Great English Vowel Shift
The Great English Vowel Shift is a keynote stage in the development of English. It is an enormous alteration in the pronunciation of English, and is one of the causes of modern irregularities in spelling vowels and particularly diphthongs. It also marks a difference between English and other European languages.
It may conventionally be dated as having occurred around the fifteenth century (1400 - 1500). It is one of the markers of the beginning of the Early Modern English phase of the development of our language.
Before the shift, in the Middle English period and before, the vowel letters in English represented sounds in more or or less the same way as they do in French, German and other current west European languages. That is to say, the broad sounds represented by the letters whose names are now pronounced eɪ, iː, aɪ, əʊ and [j]uː were realized as 'ah', 'eh', 'ee', 'oh' and 'oo' (IPA: /ɑː, e, iː, o and uː (or ɤ)/. (Alert readers may spot the correspondence of the IPA symbols with the values of these letters: they are the common values in the Roman alphabet as applied from the days of Latin.) (To see some of the other current sound values of these vowels, see Long vowel - short vowel, and the links therefrom.)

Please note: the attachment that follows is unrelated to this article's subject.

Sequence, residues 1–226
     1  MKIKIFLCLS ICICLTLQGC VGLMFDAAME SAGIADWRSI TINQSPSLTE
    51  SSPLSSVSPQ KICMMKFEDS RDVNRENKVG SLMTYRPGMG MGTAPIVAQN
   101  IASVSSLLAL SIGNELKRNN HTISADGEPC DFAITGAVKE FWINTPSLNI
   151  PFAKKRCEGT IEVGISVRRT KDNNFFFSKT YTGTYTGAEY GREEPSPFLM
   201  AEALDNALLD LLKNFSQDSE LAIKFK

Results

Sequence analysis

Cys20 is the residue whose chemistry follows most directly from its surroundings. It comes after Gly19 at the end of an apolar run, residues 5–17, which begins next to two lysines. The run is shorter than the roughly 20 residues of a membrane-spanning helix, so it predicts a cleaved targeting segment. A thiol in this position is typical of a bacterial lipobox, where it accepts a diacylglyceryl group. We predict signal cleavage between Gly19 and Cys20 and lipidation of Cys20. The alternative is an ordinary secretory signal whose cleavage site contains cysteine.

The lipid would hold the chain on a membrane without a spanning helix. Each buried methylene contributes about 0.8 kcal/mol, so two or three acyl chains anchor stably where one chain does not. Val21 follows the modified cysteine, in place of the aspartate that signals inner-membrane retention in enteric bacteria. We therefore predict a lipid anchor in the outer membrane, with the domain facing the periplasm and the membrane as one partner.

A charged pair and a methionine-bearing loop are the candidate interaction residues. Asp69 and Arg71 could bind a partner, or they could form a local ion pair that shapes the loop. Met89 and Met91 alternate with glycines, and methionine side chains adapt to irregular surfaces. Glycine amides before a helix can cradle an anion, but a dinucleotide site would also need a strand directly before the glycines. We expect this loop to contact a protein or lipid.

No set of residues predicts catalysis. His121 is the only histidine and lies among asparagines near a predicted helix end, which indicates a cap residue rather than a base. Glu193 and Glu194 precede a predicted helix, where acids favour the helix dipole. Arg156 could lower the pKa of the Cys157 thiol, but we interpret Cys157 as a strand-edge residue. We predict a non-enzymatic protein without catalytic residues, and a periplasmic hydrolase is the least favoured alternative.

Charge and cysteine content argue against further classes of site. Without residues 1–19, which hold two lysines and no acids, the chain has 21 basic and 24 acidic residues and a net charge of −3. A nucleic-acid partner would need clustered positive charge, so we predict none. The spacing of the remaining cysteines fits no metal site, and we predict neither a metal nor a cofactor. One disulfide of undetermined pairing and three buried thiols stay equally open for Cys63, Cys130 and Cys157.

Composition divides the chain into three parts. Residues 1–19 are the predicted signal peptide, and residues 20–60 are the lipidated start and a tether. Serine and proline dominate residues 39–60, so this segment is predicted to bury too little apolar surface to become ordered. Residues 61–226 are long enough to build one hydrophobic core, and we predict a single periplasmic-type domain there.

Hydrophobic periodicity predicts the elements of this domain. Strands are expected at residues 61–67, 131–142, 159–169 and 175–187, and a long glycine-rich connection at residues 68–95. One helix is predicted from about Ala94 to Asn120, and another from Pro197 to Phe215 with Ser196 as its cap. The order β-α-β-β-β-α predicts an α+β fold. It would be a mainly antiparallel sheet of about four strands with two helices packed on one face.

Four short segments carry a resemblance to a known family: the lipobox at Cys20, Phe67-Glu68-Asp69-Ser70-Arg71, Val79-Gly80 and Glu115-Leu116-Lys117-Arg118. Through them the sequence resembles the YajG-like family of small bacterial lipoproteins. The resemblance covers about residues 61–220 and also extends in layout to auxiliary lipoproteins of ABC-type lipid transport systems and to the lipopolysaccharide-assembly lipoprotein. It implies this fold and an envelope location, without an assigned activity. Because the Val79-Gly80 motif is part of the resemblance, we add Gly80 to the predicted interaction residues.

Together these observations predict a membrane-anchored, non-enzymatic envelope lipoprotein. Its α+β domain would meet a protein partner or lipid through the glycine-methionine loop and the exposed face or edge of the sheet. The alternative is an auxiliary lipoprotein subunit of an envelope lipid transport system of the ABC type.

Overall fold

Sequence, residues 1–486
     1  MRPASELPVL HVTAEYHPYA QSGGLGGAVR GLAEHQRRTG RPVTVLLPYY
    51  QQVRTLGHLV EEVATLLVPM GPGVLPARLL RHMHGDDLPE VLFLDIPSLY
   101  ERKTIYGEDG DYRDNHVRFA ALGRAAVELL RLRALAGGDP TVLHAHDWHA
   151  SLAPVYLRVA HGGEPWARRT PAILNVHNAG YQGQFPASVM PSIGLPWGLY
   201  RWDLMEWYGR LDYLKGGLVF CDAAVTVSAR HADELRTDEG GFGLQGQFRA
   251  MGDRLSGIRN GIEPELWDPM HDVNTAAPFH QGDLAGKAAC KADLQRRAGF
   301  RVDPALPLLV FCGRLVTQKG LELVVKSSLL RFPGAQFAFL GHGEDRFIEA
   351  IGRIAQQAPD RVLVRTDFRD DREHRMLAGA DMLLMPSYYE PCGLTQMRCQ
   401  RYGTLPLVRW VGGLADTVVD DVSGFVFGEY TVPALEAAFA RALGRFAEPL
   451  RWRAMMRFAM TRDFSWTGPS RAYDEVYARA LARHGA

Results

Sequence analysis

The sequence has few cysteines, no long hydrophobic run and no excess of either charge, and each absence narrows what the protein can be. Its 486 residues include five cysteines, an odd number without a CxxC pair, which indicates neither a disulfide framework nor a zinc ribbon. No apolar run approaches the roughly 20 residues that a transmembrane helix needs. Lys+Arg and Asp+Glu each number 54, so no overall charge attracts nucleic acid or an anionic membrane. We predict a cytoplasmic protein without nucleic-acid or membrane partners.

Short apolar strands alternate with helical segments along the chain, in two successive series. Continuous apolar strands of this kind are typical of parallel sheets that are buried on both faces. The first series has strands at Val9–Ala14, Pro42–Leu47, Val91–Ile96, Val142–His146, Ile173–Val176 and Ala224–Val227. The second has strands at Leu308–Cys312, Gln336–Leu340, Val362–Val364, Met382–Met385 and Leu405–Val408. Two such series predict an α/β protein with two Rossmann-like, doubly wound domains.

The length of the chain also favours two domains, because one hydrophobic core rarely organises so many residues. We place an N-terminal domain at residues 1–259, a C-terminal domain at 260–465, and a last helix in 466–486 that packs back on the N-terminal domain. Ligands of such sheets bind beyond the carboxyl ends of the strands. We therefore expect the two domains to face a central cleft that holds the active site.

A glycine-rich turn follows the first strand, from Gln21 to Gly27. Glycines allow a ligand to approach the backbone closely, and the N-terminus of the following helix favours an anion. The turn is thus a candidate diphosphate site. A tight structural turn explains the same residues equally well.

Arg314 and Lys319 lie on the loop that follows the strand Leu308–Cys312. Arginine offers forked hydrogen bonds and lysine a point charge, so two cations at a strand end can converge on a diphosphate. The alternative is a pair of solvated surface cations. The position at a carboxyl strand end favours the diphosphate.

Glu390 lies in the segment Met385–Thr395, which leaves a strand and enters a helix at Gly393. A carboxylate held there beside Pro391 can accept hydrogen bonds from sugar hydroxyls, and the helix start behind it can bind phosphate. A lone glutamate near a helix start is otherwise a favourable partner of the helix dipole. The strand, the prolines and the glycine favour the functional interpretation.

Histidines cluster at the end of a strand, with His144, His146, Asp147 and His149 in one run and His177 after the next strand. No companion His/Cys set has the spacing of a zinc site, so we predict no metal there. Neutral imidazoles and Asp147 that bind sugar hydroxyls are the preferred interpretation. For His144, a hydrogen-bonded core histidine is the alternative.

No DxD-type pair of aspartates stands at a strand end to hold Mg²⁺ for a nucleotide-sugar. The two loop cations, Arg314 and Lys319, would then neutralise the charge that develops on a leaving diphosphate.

After the shift, the old pattern changed systematically (through the 'raising' of vowels) to its present form. Here A, E, I, O and U become 'eh', 'ee', 'eye', 'oh' and 'you' (IPA: /eɪ, iː, aɪ, əʊ and [j]uə/. Note that the sounds formerly represented by E and I have moved, in step, to be represented by A and E - at least in the letter names. This is one of the indications of the systematic nature of the change. Note also that only one letter is represented by a 'pure' vowel in IPA: four of them are diphthongized. These two factors are at the base of many of the awkwardnesses of English spelling of vowels.